Canada Gives Nigeria $9.26m Covid-19 Grant
The Nigerian Government has received a $9.26m grant from its Canadian counterpart to boost access to COVID-19 vaccine in 15 states across the country.
The grant came through the Canada Global Initiative (CanGIVE) which has been operating for two years in Nigeria to expedite COVID-19 vaccine delivery and distribution amongst high-priority risk groups, increase vaccine confidence and generate demand with the application of the gender lens.
Speaking at the unveiling, the Executive Secretary and Chief Executive Officer of the National Primary Healthcare Development Agency (NPHCDA) Dr. Faisal Shuaib, said the initiative would target the implementation of Covid 19 vaccination exercise in 15 low-performing states which include: Ondo, Rivers, Kogi, Delta, Ebonyi, Lagos, Akwa-Ibom, Bayelsa, Benue, Ogun, Katsina, Taraba, Anambra, Kebbi, and Edo.
He said the CanGIVE grant targets states with lower performance and aims to reach high-priority populations and would be implemented through the World Health Organisation (WHO) to contribute, strengthen the health system, and address service delivery inequities and gender disparities at the sub-national level.
Shuaib said “We are confident that WHO will continue to support Nigeria’s efforts to enhance vaccine delivery, distribution, and public confidence, as well as generate demand. “
Furthermore, Shuaib said the vaccination uptake in Nigeria had reached over percentent of the target population of individuals aged 18 and above with at least one dose of the COVID-19 vaccine.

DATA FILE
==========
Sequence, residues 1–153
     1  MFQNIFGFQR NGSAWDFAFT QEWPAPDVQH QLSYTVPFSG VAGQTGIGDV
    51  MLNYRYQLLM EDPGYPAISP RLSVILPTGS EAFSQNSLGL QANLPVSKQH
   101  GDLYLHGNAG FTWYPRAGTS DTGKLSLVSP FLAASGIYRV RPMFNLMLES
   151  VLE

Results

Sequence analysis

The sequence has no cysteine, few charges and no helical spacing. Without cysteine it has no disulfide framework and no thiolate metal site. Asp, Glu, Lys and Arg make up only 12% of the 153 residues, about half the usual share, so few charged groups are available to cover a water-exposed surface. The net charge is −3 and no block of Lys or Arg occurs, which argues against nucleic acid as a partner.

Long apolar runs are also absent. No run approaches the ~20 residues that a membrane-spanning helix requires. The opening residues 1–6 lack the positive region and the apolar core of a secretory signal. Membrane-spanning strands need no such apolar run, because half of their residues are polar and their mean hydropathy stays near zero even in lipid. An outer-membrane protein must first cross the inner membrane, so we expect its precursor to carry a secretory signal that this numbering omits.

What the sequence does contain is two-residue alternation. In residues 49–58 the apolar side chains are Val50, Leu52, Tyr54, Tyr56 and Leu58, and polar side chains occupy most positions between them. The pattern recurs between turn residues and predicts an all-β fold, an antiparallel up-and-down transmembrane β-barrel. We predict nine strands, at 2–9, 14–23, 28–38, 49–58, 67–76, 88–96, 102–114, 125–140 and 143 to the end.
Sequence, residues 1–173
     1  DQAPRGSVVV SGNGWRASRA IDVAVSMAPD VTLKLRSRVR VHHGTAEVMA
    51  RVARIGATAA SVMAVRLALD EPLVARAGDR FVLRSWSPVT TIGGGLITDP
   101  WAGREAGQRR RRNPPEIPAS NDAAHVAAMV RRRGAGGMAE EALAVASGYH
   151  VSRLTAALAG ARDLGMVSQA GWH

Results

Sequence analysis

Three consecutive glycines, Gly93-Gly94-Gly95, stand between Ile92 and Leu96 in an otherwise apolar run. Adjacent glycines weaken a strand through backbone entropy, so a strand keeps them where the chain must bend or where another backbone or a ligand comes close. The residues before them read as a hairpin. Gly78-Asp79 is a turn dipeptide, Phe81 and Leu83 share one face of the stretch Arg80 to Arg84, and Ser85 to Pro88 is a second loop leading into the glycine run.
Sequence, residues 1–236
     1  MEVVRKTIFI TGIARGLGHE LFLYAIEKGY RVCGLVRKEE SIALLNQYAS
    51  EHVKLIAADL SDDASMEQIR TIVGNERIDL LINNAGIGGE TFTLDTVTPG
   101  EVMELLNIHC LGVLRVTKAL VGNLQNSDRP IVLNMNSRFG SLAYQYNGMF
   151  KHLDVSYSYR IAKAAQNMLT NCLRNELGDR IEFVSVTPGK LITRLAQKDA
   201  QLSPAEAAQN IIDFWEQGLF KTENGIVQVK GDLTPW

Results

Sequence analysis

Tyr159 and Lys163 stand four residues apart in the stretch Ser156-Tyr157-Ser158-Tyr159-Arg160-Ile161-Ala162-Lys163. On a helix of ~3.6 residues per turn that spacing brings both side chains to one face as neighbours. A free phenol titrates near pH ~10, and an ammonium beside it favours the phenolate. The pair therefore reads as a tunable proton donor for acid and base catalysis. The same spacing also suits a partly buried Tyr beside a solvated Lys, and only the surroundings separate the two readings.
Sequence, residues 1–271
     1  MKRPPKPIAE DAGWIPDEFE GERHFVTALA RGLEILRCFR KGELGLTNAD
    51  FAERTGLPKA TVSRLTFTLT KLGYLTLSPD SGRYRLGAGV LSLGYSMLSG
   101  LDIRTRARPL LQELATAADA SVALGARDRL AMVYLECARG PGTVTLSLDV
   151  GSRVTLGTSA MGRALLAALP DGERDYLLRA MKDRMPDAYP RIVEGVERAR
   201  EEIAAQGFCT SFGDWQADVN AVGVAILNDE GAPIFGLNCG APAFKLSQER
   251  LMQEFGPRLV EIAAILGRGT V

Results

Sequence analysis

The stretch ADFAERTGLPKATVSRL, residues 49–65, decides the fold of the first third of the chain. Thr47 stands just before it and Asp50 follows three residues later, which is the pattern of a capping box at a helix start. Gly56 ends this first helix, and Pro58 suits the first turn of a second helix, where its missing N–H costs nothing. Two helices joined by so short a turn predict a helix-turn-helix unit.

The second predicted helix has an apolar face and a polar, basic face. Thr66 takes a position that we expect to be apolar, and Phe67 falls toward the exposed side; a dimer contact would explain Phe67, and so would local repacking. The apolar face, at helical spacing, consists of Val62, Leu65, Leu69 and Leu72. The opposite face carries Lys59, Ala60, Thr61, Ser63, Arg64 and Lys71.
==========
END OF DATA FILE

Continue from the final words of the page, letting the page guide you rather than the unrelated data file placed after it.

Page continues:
He noted that the country has been able to administer over 87 million of its citizens with the first dose of COVID-19 vaccine so far in addition to being among the first countries to establish an electronic registry and integrate COVID-19 vaccination with other primary healthcare services.
“Our “One Country, One Team, One Plan, One Budget” approach reflects our commitment to integrating lessons learned during and after the pandemic into our healthcare system.
“While we have made significant progress, we still have work to do. Several states have primary series coverage below 70 percent, and booster doses account for just over 20 percent of vaccinations,” he said.
The Head of Mission and WHO Country Representative in Nigeria, Dr. Walter Kazadi Mulombo, stated that the Canadian grant came at an appropriate time to enhance the coverage and uptake of the vaccine among the high-priority populations in tandem with the current WHO SAGE roadmap on uses of COVID-19 vaccines.
Mulombo also proposed a decrease in the age limit for COVID vaccination as a means to expedite vaccination in priority countries.
In his address, the Canadian High Commissioner for Nigeria, Jamie Christoff, said the grant would allow the WHO Country Office to strengthen health systems and increase COVID-19 vaccine demand generation and uptake in a way that is linked with routine immunization and other vaccination programmes.
CanGIVE, he said, was developed in collaboration with the WHO, UNICEF, the Pan-American Health Organization, and the Medicines Patent Pool to accomplish three goals: to strengthen COVID-19 vaccine delivery systems and community outreach to reach high-priority marginalized groups; to enhance the integration of COVID-19 vaccines into routine health services in a way that strengthens the broader health system, including to increase gender-responsiveness, and to scale up regional vaccine production capacity to bring manufacturing closer to populations in need.